[quote]Josh Rider wrote:
For some reason, I’m finding it difficult to understand your logic and approach. Your “template” can be summarized as “drink 6 scoops of protein powder, eat vegetables, and eat peanuts throughout the day.” I don’t see how this is an effective or realistic general plan of action to recommend to the vast majority of people (including the prototypic 90kg male that you refer to) when you take into account different lifestyles, personal preferences, and individual needs/goals.
Also, I don’t really understand how this plan creates “flexibility” when half of the day is rigidly planned with almost no variety. Adding protein powder (either as a meal option or as a daily habit) might be a strategy that’s useful for some people who are having trouble meeting their protein targets consistently or who can’t always put together a balanced whole foods meal that is compatible with their overall plan; however, creating the universal recommendation to essentially chug most of your protein target within the first half of the day doesn’t seem too wise. [/quote]
Essentially the idea is to get a relatively baseline level of aminos, EFA and fruit/veg at the start and end of the day. These times for me would usually be considered fixed points; i.e. I will wake up and fall asleep in the same house pretty much every night. Eating during the rest of the day will provide primarily energetic nutrients, enough to fulfil my quota. Extra protein and the such will picked up along the way.
The amount of protein is not fixed - it’s an amount that corresponds to what a handful of studies on the blog I linked have established as a reasonable minimum. This could be replicated in a similar way with 1g/lb or something more conventional. Again the nuts and veg are eaten at the same time as the protein shakes, not throughout the day.
Also one is not limited to just one or two meals between the first and last shake/nuts/veg meals. One can eat as many meals as they want. One can infact can get away with eating virtually anything (within reason) providing it’s more or less within their calorific goals. Then, at the end of the day, that person has still met protein/calorie goals even if the other macros may be a tad off.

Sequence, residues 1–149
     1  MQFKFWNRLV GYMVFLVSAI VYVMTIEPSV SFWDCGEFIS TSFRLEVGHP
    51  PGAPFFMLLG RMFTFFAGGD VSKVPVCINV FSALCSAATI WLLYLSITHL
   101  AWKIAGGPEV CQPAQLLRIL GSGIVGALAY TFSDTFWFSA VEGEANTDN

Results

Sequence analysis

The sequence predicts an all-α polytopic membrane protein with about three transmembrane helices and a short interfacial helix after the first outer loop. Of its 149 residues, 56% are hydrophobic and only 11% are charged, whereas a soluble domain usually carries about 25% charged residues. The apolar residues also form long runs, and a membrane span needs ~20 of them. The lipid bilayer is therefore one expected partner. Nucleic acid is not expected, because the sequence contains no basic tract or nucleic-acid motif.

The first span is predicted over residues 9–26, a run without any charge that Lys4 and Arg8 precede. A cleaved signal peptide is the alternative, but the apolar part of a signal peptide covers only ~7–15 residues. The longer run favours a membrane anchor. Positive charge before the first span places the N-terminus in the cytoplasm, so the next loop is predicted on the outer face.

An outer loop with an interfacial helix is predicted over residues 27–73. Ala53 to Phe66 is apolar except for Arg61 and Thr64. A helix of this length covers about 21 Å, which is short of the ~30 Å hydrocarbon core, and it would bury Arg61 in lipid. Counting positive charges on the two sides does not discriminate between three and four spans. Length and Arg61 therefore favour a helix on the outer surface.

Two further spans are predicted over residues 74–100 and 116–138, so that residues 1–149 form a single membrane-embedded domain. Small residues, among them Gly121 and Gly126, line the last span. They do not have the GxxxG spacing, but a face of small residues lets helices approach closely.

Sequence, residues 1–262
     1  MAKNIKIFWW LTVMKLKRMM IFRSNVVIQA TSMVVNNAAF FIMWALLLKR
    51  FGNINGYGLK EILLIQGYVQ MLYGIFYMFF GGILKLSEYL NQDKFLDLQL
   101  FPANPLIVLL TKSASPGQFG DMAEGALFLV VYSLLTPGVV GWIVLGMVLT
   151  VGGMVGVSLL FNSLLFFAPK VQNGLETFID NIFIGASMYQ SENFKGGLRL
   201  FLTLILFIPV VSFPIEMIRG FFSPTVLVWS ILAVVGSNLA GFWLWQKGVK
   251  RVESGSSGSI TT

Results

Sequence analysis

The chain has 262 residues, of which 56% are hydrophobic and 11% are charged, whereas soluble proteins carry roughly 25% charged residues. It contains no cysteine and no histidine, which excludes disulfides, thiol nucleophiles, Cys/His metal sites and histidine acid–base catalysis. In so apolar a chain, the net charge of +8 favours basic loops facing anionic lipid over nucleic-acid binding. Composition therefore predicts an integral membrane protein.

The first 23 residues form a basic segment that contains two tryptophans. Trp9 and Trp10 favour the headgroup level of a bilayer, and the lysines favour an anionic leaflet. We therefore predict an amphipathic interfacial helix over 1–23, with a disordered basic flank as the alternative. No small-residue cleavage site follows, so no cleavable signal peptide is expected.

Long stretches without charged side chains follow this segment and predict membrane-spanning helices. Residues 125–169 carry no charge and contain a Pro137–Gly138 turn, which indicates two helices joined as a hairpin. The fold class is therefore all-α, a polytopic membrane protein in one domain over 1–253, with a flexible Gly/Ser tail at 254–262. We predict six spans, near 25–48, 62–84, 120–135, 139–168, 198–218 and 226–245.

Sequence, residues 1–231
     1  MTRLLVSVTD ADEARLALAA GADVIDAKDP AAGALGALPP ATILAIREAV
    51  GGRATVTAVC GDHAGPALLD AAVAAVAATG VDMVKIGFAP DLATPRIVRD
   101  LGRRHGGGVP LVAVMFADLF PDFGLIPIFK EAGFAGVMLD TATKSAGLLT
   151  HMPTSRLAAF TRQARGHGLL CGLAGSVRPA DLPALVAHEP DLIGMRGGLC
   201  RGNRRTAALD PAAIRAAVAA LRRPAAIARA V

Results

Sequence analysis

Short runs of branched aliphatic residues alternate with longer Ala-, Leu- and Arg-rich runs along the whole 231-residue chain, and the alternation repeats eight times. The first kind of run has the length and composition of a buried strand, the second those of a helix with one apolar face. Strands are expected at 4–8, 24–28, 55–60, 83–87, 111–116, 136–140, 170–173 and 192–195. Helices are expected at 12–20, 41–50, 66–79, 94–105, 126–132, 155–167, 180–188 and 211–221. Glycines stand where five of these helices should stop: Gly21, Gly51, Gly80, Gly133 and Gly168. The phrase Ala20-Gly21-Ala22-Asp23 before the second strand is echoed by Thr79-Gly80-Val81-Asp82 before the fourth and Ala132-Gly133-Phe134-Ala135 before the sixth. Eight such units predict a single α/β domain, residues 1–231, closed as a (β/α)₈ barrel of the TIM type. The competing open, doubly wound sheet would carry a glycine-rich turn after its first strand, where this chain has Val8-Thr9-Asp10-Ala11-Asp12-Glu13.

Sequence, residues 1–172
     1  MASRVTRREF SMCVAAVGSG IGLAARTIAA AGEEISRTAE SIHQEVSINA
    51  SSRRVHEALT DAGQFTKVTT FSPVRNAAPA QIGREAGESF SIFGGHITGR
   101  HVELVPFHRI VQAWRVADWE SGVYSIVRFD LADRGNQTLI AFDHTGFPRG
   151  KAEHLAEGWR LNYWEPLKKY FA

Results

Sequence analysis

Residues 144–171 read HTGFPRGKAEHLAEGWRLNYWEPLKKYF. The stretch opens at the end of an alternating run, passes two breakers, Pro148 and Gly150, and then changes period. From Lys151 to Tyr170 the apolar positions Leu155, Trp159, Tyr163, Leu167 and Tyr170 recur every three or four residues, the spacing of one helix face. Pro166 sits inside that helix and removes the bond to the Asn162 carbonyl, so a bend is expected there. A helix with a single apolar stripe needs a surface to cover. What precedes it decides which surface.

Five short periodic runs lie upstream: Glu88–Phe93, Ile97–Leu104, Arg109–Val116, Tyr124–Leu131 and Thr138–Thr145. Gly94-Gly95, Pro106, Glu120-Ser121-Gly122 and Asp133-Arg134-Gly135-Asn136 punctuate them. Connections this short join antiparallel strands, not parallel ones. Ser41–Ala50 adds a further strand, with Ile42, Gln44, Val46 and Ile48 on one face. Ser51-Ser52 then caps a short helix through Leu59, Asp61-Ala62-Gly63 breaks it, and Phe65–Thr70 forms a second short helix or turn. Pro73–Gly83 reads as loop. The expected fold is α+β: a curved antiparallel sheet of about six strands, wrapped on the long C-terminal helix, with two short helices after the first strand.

By creating fixed points at the start and end of the day it means that the unknown variables in the middle are much less restrictive.
The majority of protein isn’t chugged in the first half of the day but rather split over two large sittings at opposite ends of the day with extra protein grazed on throughout the day. With the above example one would be looking at about 75g of protein in the first and last sittings - not exactly extreme.
It’s entirely possible that I’m missing your viewpoint and if that’s the case then I apologise. In my opinion however… having a protein shake/nuts/veggies when I wake up and before I go to sleep and then eating what I want, when I want during the day is pretty flexible. Less counting calories/macros or planning during the day too!
Finally of course it isn’t meant to be a one size fits all plan - everyone is different after all. I spend a lot of time working in kitchens where I don’t get a great deal of time to plan/prep my breakfast/supper at either end of the day. It means that in the middle of a busy day I could cook myself something or even grab a handful of nuts/fruit and with minimal effort still be nailing my calorie/macro goals.